the model and designer upcycling his old school clothes
Taking inspiration from his upbringing in Buffalo, New York, model and designer Audi Bizzare riffs off the town’s preppy fashion scene with his with upcycled school hoodies and T-shirt collection.
A model wearing BIZAR. Photography Audi Bizzare
Buffalo might not have quite the same legacy in the arts New York City does, but that’s not to say it hasn’t made a meaningful contribution to both. When Cindy Sherman and Robert Longo met at Buffalo State College in the 70s, they formed a scene of avant-garde artists that later would become celebrated in the upper echelons of NYC’s art scene and beyond. Around the same time, artist and filmmaker Tony Conrad joined the media studies department of State University of New York at Buffalo, and became embedded in a movement of game-changing video artists now collectively referred to as “Buffalo heads”. More recently, Central Saint Martins graduate Edwin Mohney -- whose designs have been worn by Beyoncé and Donald Glover -- returned home to Buffalo to open a studio, using the city’s local thrift stores and supermarkets to source the materials for his.
Model and designer Audi Bizzare is the latest designer to take inspiration from Western New York and its humble beauty. Growing up in Buffalo, “a strange, unique city that hardly comes up in discussion of the arts”, Audi wanted to pay tribute to the city’s education system and its obsession with preppy, collegiate fashion. Learning the basics of design at 15, when his grandmother taught him how to modify his clothes, Audi enrolled on a two-year fashion design course, graduating last year. The first collection from his label BIZAR, entitled “School Day” is made entirely of upcycled school hoodies and T-shirts. “I wanted to incorporate creatives like myself in high school, with the non-creatives who played lots of sports and got really good grades, unlike myself,” Audi says after the show. “Duality plays a major role in my life and reflects my designs. So in the duality of the ‘jocks’ and the ‘rebels’ I created ‘School Day’.”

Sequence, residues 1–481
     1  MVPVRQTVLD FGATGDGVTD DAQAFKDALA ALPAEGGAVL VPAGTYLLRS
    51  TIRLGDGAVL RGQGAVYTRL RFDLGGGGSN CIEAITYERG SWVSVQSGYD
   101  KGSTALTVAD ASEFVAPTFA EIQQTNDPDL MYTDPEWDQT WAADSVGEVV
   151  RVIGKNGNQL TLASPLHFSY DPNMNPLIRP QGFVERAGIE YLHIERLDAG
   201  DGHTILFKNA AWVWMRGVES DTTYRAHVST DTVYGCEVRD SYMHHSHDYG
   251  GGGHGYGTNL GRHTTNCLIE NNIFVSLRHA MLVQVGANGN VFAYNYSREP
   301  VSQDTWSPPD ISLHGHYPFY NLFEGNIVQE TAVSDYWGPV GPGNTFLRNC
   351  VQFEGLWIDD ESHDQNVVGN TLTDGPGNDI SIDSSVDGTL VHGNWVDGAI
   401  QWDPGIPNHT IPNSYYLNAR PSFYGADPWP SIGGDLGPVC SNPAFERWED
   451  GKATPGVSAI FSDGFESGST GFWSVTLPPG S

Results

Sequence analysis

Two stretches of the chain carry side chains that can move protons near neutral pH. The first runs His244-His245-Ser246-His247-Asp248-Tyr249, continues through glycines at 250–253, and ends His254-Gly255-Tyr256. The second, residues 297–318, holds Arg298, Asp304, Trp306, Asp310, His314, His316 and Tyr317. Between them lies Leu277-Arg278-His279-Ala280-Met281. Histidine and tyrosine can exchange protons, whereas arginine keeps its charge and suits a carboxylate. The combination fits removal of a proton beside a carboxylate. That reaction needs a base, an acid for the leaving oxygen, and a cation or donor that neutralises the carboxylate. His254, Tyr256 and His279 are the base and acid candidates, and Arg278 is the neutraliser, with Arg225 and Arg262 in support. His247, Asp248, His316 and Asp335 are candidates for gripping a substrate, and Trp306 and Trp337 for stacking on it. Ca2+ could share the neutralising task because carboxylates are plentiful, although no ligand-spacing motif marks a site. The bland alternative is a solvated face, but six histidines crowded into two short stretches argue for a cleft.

How does Buffalo as a city, and your upbringing there, inspire this collection?
Buffalo is a persistent influence in my life, and as well in my work. It’s a city of lost hopes and dreams. Not many artists get out of Buffalo and become successful with their art because it’s a very small, forgotten city that doesn’t have a huge artistic impact on the world. So to change that It takes a lot of motivation and hard work, and that’s what gives me inspiration; I came this far I cannot go back.
My upbringing in Western New York was heavily impacted by high school and college sports. In my town and community, sport was everything. Most kids would wear their high school sports T-shirts and their favourite colleges while I was wearing clothes I made myself. So with my designs I try to incorporate not just my personal style but more so take the traditional look of my classmates and make it my own unique creation.
My decision to choose the town’s education system [as my system] began while I was first traveling Europe and Asia. I gained a new perspective on people when I did. When I came back I realised how unique Buffalo youth are. Many are just like a lot of people in the artistic world, but their voices are much less heard throughout the process.
How do you source the garments?
For this collection I sourced all of the garments from over 10 different thrift stores located in Buffalo and its surrounding towns. I also reached out to different classmates and friends directly, for their old high school and college clothing. Some of the models wore a part of their own high school shirts, while still being recycled to my own creation.
What’s the rest of the creative scene in Buffalo like right now?
Right now there is a small but impactful creative scene here in Buffalo with music. Mostly small hip-hop and rap groups. There’s a rap show almost every week. Home to the Albright Knox Art Gallery, Buffalo has an important art scene as well. There are a lot of creatives here, but making it to the next step and getting out is the hardest creative objective.
Growing BIZAR as a label is a big ambition. I have always wanted to do more than just altering clothing. As a model I have gained tremendous information and insight directly through people in the industry. Without this knowledge I don’t think I would be where I am right now. My first show really tested my capabilities and I learned if I truly want this in my life I must fully dedicate all my time and attention to it.
This article originally appeared on i-D UK.